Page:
EPA also stated the importance of retaining the password; the password created for the annual report will be required later to amend, finalize, and submit the report to the EPA. If this password is lost, it cannot be recovered, and a new annual report submission would need to be created.
More information is available on EPA’s website.
Posted on March 10, 2017 by Lynn L. Bergeson
By Lynn L. Bergeson and Margaret R. Graham
On March 10, 2017, the U.S. Environmental Protection Agency (EPA) announced that its Office of Pollution Prevention and Toxics (OPPT) would be hosting two webinars covering the use of the Central Data Exchange (CDX) for upfront confidential business information (CBI) substantiation. Per EPA’s notice on January 19, 2017, the statutory requirements for substantiation of CBI claims will change effective March 21, 2017, for Toxic Substances Control Act (TSCA) submissions. In preparation for this change, OPPT revised the CDX TSCA reporting applications to allow for upfront substantiation of CBI claims.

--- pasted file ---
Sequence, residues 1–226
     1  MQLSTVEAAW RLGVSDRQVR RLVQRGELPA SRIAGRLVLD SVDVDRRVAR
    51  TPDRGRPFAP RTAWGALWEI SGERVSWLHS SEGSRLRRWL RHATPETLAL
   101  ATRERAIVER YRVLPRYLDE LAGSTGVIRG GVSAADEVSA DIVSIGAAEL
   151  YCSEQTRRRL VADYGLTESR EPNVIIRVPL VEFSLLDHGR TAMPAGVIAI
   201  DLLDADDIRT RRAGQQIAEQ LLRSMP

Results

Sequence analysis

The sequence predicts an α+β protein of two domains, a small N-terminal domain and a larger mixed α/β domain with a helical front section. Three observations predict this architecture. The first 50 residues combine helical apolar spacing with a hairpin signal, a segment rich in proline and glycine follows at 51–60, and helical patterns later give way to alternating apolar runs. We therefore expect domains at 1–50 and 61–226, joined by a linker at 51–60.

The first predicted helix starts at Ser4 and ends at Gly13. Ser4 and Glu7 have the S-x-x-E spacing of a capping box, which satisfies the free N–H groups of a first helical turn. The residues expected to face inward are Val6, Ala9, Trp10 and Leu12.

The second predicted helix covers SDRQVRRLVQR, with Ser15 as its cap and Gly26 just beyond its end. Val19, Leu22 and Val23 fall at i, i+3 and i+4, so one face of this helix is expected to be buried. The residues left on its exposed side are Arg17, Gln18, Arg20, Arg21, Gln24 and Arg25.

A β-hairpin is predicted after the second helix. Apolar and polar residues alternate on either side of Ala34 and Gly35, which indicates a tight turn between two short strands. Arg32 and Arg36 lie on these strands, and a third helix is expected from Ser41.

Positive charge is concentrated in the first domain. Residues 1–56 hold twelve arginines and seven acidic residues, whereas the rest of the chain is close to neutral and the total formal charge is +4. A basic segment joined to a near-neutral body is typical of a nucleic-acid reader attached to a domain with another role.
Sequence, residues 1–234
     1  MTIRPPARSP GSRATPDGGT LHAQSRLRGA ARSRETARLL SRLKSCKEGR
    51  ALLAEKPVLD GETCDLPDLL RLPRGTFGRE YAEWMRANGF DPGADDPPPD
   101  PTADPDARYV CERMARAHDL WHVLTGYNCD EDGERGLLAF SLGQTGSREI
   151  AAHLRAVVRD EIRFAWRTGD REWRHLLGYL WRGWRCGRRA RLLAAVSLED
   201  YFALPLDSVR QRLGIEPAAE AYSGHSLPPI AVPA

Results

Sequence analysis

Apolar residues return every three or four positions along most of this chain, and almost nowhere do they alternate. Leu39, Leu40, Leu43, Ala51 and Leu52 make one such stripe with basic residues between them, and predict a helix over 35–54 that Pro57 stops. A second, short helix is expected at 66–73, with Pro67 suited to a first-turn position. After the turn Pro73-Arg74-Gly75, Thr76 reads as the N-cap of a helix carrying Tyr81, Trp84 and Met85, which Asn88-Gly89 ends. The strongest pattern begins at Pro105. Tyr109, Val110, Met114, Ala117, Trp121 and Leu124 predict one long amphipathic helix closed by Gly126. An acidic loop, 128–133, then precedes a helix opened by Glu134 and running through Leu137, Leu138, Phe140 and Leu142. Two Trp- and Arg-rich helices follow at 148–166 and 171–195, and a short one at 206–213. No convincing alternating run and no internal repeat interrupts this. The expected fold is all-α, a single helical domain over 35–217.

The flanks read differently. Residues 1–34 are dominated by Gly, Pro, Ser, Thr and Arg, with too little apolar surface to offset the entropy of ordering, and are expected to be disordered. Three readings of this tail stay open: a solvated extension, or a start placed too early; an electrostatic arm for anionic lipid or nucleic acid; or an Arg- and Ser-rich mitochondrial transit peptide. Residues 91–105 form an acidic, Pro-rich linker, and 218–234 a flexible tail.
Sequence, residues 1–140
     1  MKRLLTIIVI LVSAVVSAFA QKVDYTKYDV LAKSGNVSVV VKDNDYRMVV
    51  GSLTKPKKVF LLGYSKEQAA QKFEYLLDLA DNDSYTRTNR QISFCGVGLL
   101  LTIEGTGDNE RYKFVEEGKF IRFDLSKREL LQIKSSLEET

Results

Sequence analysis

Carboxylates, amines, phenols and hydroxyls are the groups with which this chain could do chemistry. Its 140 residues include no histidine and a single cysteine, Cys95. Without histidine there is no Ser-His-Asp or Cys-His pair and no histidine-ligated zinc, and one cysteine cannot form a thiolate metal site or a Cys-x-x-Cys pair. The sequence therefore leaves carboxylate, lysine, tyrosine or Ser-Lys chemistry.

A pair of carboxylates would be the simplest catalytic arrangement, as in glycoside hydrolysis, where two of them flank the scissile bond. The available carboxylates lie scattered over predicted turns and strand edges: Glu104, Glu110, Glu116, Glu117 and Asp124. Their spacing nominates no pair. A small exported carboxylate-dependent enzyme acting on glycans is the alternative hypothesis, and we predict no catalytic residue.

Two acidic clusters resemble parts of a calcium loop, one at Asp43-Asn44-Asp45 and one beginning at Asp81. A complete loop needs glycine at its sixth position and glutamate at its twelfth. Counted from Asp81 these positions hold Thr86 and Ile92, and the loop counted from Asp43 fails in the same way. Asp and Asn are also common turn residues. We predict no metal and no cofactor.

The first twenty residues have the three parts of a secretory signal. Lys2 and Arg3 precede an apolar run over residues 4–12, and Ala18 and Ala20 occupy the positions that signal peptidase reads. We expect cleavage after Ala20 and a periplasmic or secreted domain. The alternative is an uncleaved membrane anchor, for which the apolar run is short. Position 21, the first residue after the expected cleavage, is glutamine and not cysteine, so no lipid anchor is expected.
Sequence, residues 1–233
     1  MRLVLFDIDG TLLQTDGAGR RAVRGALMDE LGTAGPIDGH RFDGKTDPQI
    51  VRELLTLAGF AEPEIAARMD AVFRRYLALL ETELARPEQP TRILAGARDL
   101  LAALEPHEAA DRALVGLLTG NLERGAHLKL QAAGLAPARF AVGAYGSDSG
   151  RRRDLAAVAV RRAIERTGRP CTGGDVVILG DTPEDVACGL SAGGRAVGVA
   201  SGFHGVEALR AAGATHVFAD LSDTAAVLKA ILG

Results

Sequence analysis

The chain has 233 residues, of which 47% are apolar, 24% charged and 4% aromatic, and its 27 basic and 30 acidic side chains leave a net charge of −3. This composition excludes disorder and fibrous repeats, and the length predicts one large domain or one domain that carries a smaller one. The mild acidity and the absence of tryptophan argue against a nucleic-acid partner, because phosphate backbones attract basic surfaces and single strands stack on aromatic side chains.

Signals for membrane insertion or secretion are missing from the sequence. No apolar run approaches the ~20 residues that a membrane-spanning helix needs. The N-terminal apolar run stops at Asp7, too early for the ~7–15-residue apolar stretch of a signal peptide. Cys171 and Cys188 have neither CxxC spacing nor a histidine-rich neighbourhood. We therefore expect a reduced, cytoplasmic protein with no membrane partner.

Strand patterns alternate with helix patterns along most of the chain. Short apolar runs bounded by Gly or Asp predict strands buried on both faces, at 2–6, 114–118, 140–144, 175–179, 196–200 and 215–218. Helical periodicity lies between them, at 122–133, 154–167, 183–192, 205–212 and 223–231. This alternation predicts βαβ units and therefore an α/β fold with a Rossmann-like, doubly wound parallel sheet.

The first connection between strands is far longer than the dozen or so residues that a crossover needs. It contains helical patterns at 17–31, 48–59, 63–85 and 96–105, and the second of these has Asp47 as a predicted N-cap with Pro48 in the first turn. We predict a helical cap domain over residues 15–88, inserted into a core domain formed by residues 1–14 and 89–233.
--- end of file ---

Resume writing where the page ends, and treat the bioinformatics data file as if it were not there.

OPPT’s first webinar will be March 15, 2017, at 1:00 p.m. (EDT) and the second will be on March 21, 2017, at 1:00 p.m. (EDT). EPA states that these webinars will cover technical aspects of making upfront substantiations within the CDX reporting applications, and that OPPT would appreciate help in identifying participants that currently use CDX reporting applications or will do so under the new requirements to participate in these events.
Registration is available online. The webinars will be limited to the first 1,000 registrants and registration will close at 11:00 a.m. (EDT) on the date of each webinar. After the webinar, OPPT will post the webinar materials on its Confidential Business Information under TSCA webpage. More information on the statutory requirements for substantiation of CBI claims is available in our blog item EPA Issues Guidance On Substantiation Requirements For CBI Claims Under TSCA.